Go For the Bottle?

DESCRIPTIONPhoto: Daniel Hamermesh

In American restaurants, I have always seen a glass of wine (perhaps 6 to 7.5 ounces) sold for at least 1/3 of the price of a bottle of wine (750 milliliters=29.6 ounces), so that the per-unit price of a glass is typically at least 1/3 more than a bottle. In the U.S., it’s always cheaper to buy a bottle of wine than buy glasses if you are having 3 glasses or more. In the Parisian restaurant we visited, the per-ounce price was the same whether you bought a glass (150 milliliters) or a bottle (750 milliliters). Indeed, even a carafe (pichet) of 500 milliters was sold at the same per-unit price. Why did the restaurant do this, given the costs of fetching the bottle each time and pouring glasses (as opposed to uncorking once and leaving the bottle on the table)? Also, given the mark-up on wines at restaurants, the owner should have an incentive to get customers to buy more wine-to buy a full bottle. I don’t understand what seems to be a pricing anomaly.

Tim Harford

Perhaps the Parisiens hope that you will buy a bottle AND an extra glass or two of wine? A very European perspective, I know, but still.... cheers!


Because the French relate differently to food, and especially wine. Wine is a staple, not a luxury. It is part of the culture. Many restaurants also have sophisticated "by the glass" dispensing systems.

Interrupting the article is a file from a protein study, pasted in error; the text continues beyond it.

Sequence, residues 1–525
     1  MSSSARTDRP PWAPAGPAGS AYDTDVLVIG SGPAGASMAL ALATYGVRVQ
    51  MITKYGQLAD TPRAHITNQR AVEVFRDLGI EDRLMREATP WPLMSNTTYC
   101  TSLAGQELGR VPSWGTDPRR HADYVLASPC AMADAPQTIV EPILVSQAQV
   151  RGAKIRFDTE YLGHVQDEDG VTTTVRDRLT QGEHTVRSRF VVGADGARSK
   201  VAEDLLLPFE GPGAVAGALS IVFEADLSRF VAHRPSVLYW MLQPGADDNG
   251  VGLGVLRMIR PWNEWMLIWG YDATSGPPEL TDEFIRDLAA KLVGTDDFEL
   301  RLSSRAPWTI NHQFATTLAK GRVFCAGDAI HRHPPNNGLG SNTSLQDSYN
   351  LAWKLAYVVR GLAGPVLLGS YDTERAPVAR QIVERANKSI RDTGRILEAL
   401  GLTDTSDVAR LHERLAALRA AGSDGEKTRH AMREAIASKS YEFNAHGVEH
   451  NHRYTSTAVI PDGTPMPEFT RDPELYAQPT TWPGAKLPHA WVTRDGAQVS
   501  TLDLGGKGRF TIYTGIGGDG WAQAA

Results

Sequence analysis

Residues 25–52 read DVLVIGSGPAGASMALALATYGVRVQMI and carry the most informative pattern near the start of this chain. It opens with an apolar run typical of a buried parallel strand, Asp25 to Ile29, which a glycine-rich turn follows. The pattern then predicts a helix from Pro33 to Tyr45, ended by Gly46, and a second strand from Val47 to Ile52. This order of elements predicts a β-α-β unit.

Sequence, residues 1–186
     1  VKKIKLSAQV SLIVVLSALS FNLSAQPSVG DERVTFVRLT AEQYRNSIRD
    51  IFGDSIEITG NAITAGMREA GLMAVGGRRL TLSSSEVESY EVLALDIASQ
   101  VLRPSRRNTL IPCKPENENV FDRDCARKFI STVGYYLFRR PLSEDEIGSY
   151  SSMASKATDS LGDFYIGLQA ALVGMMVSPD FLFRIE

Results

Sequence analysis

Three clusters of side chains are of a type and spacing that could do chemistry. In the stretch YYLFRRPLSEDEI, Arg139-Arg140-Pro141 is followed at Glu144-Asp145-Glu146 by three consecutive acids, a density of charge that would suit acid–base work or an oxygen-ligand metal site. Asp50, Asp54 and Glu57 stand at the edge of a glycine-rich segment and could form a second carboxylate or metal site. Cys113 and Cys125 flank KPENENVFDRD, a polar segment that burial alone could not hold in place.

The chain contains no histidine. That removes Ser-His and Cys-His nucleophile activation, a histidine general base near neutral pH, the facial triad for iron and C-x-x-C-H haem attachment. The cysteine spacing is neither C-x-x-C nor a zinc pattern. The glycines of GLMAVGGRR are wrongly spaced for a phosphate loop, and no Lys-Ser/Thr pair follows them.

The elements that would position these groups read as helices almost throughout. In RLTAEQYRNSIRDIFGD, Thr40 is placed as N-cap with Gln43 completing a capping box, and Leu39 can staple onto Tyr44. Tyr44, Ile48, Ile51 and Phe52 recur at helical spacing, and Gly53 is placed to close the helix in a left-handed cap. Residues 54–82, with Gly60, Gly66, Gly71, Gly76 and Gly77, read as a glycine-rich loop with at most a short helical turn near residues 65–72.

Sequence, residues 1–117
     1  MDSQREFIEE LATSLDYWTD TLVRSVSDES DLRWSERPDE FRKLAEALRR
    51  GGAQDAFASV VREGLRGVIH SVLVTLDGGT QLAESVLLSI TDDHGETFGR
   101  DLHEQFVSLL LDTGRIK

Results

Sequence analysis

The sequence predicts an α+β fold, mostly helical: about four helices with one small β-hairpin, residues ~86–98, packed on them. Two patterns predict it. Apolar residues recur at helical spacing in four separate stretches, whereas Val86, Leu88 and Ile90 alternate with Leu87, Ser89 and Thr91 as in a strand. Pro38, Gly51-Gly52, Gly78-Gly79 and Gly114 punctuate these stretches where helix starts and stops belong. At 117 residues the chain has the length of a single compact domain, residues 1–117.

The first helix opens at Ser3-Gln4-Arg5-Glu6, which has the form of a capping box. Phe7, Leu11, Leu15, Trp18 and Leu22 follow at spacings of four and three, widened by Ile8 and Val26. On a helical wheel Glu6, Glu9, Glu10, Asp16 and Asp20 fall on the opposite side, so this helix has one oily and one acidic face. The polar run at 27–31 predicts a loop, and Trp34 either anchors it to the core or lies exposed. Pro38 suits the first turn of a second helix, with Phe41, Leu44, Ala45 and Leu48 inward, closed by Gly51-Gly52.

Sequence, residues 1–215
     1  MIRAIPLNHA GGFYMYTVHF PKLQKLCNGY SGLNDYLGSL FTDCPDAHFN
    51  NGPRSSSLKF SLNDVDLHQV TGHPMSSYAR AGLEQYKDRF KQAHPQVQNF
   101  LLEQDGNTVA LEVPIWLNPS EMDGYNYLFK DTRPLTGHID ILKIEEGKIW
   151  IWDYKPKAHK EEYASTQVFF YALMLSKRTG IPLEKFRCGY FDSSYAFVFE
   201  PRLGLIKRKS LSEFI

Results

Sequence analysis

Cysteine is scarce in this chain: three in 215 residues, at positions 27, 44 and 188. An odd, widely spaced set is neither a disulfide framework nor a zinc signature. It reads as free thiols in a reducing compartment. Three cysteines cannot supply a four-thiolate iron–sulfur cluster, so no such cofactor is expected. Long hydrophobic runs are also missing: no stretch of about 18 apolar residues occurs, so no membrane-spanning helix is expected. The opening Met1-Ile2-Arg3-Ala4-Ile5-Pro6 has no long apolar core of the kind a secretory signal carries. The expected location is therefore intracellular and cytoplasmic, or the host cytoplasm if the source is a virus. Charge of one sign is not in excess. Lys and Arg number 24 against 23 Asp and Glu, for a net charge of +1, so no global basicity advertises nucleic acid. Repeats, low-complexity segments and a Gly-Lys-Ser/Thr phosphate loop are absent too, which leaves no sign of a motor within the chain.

Even better, in most restaurants a quarter litre of wine is cheaper than a Coca-Light (diet Coke) ;-)

Eric Wallace

I really think its because the Europeans do not understand capitalism at its purest form and that is too make money.

Daniel B. Fukuhara

I'm perplexed as well,.....I was under the assumption that EVERYONE was motivated by competition through capitalism and not competition through quality of craft. Agreed, someone not possessing an inflated Western style of thought is quite the "anomaly", if not an all out faux pas. Keep the reasonable prices for the serfs.


You're correct that from a purely economical perspective, it makes sense for restaurant-goers to buy a whole bottle when drinking three or more glasses. However, this doesn't take into account what each person is ordering. If members of a particular dinner party are eating different plates, this might influence the type of wine they'd like to accompany their meal. That said, I wouldn't be surprised if in a country like France, which takes such pride in its culinary tradition, restaurateurs wouldn't want to penalize their patrons for ordering different glasses of wine to appropriately complement their meals. This is just my theory.


Apparently, the wine consumption in France has declined, it is not what it used to be decades ago.